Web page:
Table II lists a few familiar properties of probability. A one-to-one correspondence can be
seen between the properties in Table II for assertions and probability
and those listed in Table III for questions and bearing. Transformation between
these two ta

Because the issue A of the subject ILU cannot be transmitted without incurring additional
inefficiency or information loss, the best that can be done is for the
source ILU to attempt to optimize itself as a source of information. This can be
achieved if t

Tables II and III summarize this section in terms of some selected properties of
probability and bearing, respectively. Table I forms the basis for deductive computation;
Tables II and III form the computational basis for a computer that operates
inductiv

Perhaps the most important logical property of both questions and assertions
is that of logical implication. If an assertion a implies another b, then if b answers
a question, then a also answers the same question (both will give a true answer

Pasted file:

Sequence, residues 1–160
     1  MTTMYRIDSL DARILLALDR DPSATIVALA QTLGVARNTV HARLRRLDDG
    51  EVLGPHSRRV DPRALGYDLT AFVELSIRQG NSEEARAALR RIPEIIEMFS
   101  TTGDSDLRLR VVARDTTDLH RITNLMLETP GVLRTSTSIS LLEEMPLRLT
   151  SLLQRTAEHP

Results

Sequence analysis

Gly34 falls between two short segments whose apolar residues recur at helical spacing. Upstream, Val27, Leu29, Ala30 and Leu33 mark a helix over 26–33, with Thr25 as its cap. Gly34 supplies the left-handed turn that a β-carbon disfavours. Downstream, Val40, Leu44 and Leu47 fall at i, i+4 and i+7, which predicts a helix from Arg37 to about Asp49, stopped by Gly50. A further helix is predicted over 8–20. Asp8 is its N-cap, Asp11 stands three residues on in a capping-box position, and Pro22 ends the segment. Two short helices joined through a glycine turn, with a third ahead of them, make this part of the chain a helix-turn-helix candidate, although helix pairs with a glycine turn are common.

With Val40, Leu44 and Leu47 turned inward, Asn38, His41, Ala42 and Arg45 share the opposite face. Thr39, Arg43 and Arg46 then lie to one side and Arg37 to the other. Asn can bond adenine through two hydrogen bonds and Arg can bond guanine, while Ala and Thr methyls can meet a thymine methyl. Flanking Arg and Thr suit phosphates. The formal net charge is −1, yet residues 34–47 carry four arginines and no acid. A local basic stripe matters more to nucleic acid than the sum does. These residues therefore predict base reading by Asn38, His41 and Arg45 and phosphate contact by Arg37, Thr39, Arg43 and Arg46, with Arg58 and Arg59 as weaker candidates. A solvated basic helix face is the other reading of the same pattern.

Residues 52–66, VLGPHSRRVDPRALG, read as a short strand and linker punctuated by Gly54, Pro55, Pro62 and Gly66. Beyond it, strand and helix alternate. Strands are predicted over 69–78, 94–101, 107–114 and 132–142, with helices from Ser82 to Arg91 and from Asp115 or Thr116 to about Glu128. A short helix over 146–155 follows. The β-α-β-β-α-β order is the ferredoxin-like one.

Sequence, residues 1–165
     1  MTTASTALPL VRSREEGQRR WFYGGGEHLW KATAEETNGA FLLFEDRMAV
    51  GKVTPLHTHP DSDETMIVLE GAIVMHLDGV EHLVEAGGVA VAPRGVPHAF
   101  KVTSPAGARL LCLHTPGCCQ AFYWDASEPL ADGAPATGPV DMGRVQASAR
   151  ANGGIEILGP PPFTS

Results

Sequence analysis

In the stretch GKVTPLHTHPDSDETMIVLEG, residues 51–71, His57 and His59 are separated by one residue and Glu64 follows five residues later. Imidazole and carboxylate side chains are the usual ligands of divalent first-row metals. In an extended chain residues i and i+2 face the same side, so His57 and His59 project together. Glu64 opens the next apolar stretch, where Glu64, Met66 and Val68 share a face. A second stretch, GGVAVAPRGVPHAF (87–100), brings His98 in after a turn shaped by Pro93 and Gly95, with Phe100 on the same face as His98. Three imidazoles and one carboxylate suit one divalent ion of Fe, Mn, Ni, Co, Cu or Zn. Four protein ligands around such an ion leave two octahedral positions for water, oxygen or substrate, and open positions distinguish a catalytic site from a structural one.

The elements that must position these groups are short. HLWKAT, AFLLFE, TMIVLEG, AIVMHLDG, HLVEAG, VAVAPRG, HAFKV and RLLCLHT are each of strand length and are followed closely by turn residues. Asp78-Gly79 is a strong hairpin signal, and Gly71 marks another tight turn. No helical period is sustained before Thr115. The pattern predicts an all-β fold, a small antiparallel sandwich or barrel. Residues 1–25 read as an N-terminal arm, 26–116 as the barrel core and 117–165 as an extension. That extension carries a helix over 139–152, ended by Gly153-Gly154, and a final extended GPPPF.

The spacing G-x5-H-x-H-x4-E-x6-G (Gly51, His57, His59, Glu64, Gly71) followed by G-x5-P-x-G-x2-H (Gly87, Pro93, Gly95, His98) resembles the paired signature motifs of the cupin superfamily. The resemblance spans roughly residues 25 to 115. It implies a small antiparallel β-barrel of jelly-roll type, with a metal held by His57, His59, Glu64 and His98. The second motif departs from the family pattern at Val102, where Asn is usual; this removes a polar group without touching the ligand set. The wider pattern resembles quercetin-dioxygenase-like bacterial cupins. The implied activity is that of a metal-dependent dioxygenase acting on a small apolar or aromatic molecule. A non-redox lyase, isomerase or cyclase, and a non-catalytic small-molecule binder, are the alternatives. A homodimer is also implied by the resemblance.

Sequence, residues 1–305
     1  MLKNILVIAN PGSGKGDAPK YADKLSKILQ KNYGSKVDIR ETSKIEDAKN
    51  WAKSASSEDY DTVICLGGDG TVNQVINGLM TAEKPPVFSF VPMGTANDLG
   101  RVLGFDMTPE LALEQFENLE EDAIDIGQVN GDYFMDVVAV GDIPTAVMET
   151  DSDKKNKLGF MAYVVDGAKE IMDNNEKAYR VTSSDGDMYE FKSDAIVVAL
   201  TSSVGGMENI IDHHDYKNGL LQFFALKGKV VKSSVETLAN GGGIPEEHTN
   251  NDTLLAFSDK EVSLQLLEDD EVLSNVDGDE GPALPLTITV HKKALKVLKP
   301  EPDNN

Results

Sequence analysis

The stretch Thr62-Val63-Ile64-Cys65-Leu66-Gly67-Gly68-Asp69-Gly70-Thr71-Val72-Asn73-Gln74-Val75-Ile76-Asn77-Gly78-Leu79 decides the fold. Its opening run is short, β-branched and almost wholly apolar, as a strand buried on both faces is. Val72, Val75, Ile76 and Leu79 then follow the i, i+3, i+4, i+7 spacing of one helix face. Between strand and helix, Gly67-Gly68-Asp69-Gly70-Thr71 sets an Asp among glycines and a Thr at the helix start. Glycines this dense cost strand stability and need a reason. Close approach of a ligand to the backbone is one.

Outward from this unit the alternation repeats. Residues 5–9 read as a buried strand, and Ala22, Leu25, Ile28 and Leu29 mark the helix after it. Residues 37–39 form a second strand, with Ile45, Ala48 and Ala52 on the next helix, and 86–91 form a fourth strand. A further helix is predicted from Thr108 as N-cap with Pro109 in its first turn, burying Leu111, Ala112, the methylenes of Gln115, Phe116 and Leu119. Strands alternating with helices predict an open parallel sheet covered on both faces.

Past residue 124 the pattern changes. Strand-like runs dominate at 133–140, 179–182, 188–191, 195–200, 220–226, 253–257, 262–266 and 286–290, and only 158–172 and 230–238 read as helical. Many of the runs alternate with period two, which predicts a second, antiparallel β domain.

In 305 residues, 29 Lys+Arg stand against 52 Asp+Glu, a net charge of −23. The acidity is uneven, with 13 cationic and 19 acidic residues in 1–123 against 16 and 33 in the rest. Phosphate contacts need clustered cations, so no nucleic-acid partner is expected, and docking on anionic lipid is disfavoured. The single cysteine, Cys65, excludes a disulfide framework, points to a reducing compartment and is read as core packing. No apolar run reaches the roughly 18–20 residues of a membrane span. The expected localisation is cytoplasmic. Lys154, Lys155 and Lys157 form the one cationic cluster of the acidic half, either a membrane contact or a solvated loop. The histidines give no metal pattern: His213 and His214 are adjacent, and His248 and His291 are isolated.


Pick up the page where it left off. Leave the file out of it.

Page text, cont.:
to the subj

Again, the computational goals of the ILU require that its architecture lend itself to the
numerical computation of both b(7|A) and b(X v Y\A). The bearing
b(7|A), or some monotonic function of b(F|A), must be computed to maximize
transmission from the su

The left side of Table I delineates a set of assertive properties that are in oneto-one
correspondence with the interrogative ones on the right. For questions,
remember to interpret the disjunctive operator "v" as common so that, for example, the
common q

One can construct physical examples of each assertive property. For instance,
the property (aAb)vb = b can be interpreted as "if" an observer B is looking for
an assertion b and if a A /? is asserted to B, then B will only observe b, because it
cannot dis

The question A v ~A asks nothing relative to what might be asked by any
observer B, because (A v ^A) v B = Av ^A, whereas A A ~A asks everything
relative to what might be asked by any observer B, because (A A ~A) v B = B.
The term "relative" must be inclu

Regarding inference, the ILU must use the conditional probability p(y\x Aa)
for decision making. The premise consists of the available information given by
the conjunction of jc = xi A JC2 A A jc with a, where a is the basic premise that
delineates precis

As might be surmised, relationships between questions and assertions are logical as well.
As described earlier, any question may be thought of as being defined
by the set of possible answers that may arise through its posing in response to
presented asser